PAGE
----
Some Bay Area students back to classroom, others wait for plan

Wednesday was the first day back in the classroom for several private schools in the Bay Area. At the same time, public schools are ironing out their plans to welcome students back, in-person or virtually, in the coming weeks.

August 12 was the deadline for Sarasota County families to choose between in-person or remote learning when classes resume August 31. They also got a first glimpse of what classrooms will look like in a video shared by the district.

"Our classrooms are equipped with nimble little cameras and microphones that allow the teacher to direct the camera to the active panel or to themselves so that they are teaching both children at home and children in-person," Dr. Laura Kingsley, Chief Academic Officer of Sarasota County Schools explained in the video.

Other measures include the use of reusable water bottles brought from home instead of water fountains, mandatory masks and clear protective desk shields.

"The classroom is going to be equipped with barriers. A teacher can be in front of the barrier, beside the barrier, where children and the teacher can collaborate on learning back and forth," Kinsley said.

The incoming superintendent admits that it won't be easy and that both students and teachers will learn and adapt as they go.

"It's like nothing we've ever done before," Superintendent Dr. Brennan Asplen said at his swearing-in ceremony. "There are going to be issues that are going to pop up and we all as a community, everybody working together, we need to work through those issues in a positive manner."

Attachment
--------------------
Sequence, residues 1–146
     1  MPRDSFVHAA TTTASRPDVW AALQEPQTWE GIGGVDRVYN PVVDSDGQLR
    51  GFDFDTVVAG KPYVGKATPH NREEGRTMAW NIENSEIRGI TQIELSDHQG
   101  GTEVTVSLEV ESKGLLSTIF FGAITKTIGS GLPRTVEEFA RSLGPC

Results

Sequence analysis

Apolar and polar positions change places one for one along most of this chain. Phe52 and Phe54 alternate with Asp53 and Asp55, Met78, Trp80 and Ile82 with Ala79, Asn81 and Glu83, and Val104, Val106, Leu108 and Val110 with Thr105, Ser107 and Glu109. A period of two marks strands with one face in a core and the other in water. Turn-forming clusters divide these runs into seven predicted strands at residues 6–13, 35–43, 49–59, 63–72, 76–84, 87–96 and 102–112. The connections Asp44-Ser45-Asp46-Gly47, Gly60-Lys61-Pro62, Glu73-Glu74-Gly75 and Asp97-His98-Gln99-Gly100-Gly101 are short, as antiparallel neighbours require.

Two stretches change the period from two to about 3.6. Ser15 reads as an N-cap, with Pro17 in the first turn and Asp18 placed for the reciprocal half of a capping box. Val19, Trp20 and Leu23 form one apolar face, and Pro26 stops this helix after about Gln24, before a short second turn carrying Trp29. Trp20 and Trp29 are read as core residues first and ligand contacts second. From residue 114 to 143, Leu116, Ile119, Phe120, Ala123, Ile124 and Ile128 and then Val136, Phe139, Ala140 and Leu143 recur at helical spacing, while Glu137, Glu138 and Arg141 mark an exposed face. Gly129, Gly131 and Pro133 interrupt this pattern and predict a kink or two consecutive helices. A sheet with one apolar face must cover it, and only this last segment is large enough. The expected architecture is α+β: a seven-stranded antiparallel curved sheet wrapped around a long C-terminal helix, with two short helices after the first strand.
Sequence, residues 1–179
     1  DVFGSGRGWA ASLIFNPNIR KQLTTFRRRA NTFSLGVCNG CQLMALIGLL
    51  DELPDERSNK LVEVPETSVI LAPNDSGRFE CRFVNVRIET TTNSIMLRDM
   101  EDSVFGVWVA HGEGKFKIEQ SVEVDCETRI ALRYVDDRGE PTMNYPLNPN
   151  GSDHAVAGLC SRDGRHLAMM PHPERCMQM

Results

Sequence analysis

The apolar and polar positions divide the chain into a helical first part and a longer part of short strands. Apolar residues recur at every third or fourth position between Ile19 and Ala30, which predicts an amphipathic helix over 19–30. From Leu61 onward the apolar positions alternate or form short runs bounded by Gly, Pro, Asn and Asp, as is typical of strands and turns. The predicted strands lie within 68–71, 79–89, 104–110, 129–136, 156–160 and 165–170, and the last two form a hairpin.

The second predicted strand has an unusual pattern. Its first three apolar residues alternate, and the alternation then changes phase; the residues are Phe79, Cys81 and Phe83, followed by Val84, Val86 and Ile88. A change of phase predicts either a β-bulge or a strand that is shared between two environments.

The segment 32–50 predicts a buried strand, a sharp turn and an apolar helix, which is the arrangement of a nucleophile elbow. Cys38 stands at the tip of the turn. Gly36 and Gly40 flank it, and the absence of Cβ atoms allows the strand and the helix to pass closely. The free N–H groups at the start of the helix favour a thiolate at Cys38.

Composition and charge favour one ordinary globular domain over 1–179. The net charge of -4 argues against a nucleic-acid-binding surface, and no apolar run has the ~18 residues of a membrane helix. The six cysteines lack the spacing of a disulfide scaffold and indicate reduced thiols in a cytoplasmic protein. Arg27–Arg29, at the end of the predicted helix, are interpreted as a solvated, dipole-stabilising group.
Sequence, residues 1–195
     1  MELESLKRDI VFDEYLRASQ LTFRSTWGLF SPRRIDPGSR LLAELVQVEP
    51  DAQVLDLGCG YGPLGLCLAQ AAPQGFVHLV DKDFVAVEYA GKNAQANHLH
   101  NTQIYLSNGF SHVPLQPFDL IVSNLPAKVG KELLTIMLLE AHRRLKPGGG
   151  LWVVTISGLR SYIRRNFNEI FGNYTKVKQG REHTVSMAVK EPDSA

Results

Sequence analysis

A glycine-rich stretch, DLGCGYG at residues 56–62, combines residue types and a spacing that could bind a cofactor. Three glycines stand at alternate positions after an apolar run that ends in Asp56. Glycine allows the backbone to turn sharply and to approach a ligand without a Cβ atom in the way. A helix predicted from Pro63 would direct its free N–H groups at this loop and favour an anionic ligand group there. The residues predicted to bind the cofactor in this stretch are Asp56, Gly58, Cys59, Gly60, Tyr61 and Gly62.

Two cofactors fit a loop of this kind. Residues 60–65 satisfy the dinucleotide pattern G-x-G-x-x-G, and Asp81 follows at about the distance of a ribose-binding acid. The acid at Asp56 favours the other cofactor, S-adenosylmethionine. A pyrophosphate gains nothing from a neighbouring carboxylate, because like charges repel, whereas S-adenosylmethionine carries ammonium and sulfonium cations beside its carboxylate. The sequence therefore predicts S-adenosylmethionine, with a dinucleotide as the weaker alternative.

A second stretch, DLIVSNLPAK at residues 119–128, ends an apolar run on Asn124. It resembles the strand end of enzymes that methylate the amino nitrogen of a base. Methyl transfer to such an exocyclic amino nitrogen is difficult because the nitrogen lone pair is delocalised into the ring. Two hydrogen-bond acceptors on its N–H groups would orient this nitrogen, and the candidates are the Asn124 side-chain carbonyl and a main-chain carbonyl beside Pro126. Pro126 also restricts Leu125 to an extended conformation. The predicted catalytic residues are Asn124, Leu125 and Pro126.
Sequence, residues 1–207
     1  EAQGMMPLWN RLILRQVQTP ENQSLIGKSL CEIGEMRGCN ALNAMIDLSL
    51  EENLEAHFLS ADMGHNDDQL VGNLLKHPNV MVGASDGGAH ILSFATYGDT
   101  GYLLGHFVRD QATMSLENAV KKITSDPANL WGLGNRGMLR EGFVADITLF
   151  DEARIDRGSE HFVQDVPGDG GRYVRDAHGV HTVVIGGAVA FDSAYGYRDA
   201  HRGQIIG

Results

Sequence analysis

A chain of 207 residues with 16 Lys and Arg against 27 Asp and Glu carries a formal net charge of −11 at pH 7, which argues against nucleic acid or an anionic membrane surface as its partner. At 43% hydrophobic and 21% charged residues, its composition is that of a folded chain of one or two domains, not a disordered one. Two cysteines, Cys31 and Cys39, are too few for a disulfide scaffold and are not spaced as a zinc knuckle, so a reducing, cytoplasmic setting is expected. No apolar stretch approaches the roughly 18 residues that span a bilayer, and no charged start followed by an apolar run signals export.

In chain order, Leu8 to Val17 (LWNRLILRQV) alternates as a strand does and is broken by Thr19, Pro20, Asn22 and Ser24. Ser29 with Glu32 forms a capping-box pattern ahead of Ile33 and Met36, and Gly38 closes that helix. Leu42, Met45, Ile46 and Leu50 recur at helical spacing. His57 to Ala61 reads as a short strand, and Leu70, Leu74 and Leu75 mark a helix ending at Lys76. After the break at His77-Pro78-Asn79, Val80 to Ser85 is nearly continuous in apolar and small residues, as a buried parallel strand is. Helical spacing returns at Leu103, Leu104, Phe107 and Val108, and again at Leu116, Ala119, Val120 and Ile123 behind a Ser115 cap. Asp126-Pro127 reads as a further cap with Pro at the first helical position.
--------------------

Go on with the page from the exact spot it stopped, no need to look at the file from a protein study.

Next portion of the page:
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Meanwhile, Hillsborough County Schools has a major decision to make. School leaders opted to go virtual for the first four weeks of classes.

"Please know this decision wasn't made lightly," Hillsborough Superintendent Addison Davis said shortly after the decision.

But afterward, the state warned that they stand to lose around $23 million in funding if they don't reopen brick and mortar schools.

Superintendent Davis met with the Department of Education in Tallahassee Tuesday to try to reach a compromise. Though it's unclear if that happened, Governor DeSantis expressed support Wednesday for parents' right to choose.

"To our parents, you deserve the choice of in-person instruction or distance learning for your kids and I am glad that so many school districts are making this vision a reality," DeSantis said.

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If Hillsborough County Public Schools plans to revert from its current online-only plan, it would have to quickly figure out the logistics of re-opening schools by August 24. There's a special meeting about all of this Thursday at 1 p.m. The school board has until Friday to make a decision.

It's officially back-to-school at Bayshore Christian Academy in Tampa. Parents now get COVID-19 questionnaires during drop-off. Students will have temperatures checked and hands sanitized before entering the building, where masks are mandatory.

"We trusted our school that they would explore all options and when it was announced, the reopening plan, we felt confident and felt peace and felt ready," said Bayshore Christian parent Laurie Scott.

They're taking similar measures at Tampa's Hillel Academy, including temperature checks three times a day. Students got a Wizard of Oz-themed welcome back with characters like Dorothy and Tin Man reminding them about social distancing, mask-wearing and hand washing.

"We've been planning since April we've had a health committee, we've had our teachers, we are prepared to have a healthy and safe first day of school and school year," said Allison Oakes, Head of School at Hillel Academy.